Your specialist doctor will explain which treatment combination is appropriate for you, but if you ever feel unsure of what is being offered or why, you can consider seeking a second opinion. It is important to feel happy with the options that have been recommended and to have a good understanding of what is to follow.

Intensive treatment involves giving a much higher dose of chemotherapy. The aim of this treatment is to destroy a larger number of myeloma cells, resulting in a longer period of remission (where there is no sign of active disease in your body).

However, as this treatment approach also knocks down healthy bone marrow, stem cells are given via an infusion to rescue the bone marrow. This treatment is known as high-dose therapy and stem cell rescue or transplantation.

In most cases, stem cells will be collected from the patient before they have the treatment (autologous transplantation). In rare cases, the cells are collected from a sibling (brother or sister) or an unrelated donor (match unrelated donor transplantation). An unrelated transplant is usually only performed after an autologous transplant.

Intensive treatment is associated with significant side effects and requires a two to three week stay in hospital and a three to six month recovery period.

Maintenance treatment is occasionally given to prolong treatment benefits. However, further research is underway to establish its role in the treatment of myeloma, which patients require maintenance, and who are most likely to benefit. It is not currently standard practice in the UK.

This is when anti-myeloma treatment is not required as the condition is not causing any symptoms or complications. This is sometimes referred to as asymptomatic or ‘smouldering myeloma’.

This can also happen once initial therapy is completed and the myeloma is under control. You will be actively monitored for signs and symptoms the cancer is beginning to cause problems.

It is important to understand that although myeloma is treatable, for most people it is not currently curable. This means that additional treatment is always required when the cancer comes back.

When treatment is required again, the same principles are used when treating newly diagnosed myeloma. Treatment is likely to be a combination of the anti-myeloma therapies described previously.

Treatment for relapsing myeloma is based on the same principles as those used for treating newly diagnosed myeloma and the treatment itself is also similar.

Supportive care treatments are given to control and relieve complications and symptoms caused by myeloma. These include:


Bisphosphonate medication can be used to help prevent bone damage and reduce the levels of calcium in your blood.

Bone usually goes through a continuous cycle of repair, where the body replaces old bone cells with new ones.

In myeloma, cancerous plasma cells disrupt this process, causing the bones to weaken. Bisphosphonates help to stop this happening and reduce both fractures and pain.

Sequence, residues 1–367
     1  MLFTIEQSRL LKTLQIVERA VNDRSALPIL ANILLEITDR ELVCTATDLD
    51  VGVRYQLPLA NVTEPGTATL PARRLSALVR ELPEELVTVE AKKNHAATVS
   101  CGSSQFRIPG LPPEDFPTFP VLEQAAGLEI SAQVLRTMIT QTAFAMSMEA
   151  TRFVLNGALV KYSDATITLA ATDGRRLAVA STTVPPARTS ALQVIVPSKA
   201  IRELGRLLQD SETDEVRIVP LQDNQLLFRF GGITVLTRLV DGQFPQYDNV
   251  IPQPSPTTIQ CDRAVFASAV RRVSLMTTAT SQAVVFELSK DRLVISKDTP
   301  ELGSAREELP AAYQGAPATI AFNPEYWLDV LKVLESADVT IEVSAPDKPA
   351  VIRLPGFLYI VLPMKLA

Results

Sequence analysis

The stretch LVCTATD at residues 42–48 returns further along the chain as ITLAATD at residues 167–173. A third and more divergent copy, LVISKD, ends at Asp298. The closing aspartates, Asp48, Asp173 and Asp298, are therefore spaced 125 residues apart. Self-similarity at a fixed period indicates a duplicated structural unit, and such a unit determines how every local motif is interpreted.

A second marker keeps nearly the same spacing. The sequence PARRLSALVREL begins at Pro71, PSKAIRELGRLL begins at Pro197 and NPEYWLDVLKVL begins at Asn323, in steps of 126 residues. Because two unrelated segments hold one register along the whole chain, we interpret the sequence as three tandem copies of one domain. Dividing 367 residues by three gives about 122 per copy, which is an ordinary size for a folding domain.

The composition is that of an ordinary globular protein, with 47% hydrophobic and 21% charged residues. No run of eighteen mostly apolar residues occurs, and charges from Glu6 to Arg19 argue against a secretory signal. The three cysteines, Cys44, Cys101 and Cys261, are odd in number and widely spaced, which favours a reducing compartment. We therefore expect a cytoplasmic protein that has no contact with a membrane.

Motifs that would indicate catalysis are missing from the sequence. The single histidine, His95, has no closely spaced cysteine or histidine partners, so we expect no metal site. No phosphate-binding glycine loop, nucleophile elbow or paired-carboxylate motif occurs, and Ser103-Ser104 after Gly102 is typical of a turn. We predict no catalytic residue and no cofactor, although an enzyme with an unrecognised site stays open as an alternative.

Recent evidence suggests they may also have anti-myeloma effect and survival benefit. .

Bisphosphonates are commonly given as an intravenous infusion. The most common side effects include fever and flu-like symptoms, nausea, impaired renal function. A rare side-effect is osteonecrosis of the jaw (ONJ), where bones of the jaw become damaged; you should let your dentist know that you are receiving bisphosphonates. You should speak to your myeloma team if you are finding any of these side effects troublesome.


Radiotherapy can be used to help relieve bone pain. It involves directing high-energy waves of radiation at bones that have been weakened and damaged by cancerous cells.

The radiation reduces the number of cancerous cells in the bone, giving the bone a chance to repair itself. One to two sessions of radiotherapy are normally required to reduce the pain. However, longer courses are often used if there is compression of the spinal cord.

The side effects of radiotherapy usually pass after the course of radiotherapy has been completed. Depending on the dose given and the site treated, side effects can include nausea, sickness, skin rashes, pain and tiredness

Treatments for anaemia

If you have anaemia as a result of having a low number of red blood cells due to your myeloma or treatment, you may be given a blood transfusion.

In certain situations, you may also be given a medication called erythropoietin to encourage production of new red blood cells.

In some cases, surgery may be needed to repair or strengthen damaged bones. Compression fractures of the spine may be treated using two fairly new surgical techniques known as:

percutaneous vertebroplasty – where a special type of quick-drying cement is injected into the affected bone to strengthen it and reduce the risk of fracture

balloon kyphoplasty – where a tiny balloon is inserted into the affected vertebra (bone of the spine), inflated and removed, and then the space is filled with a special type of cement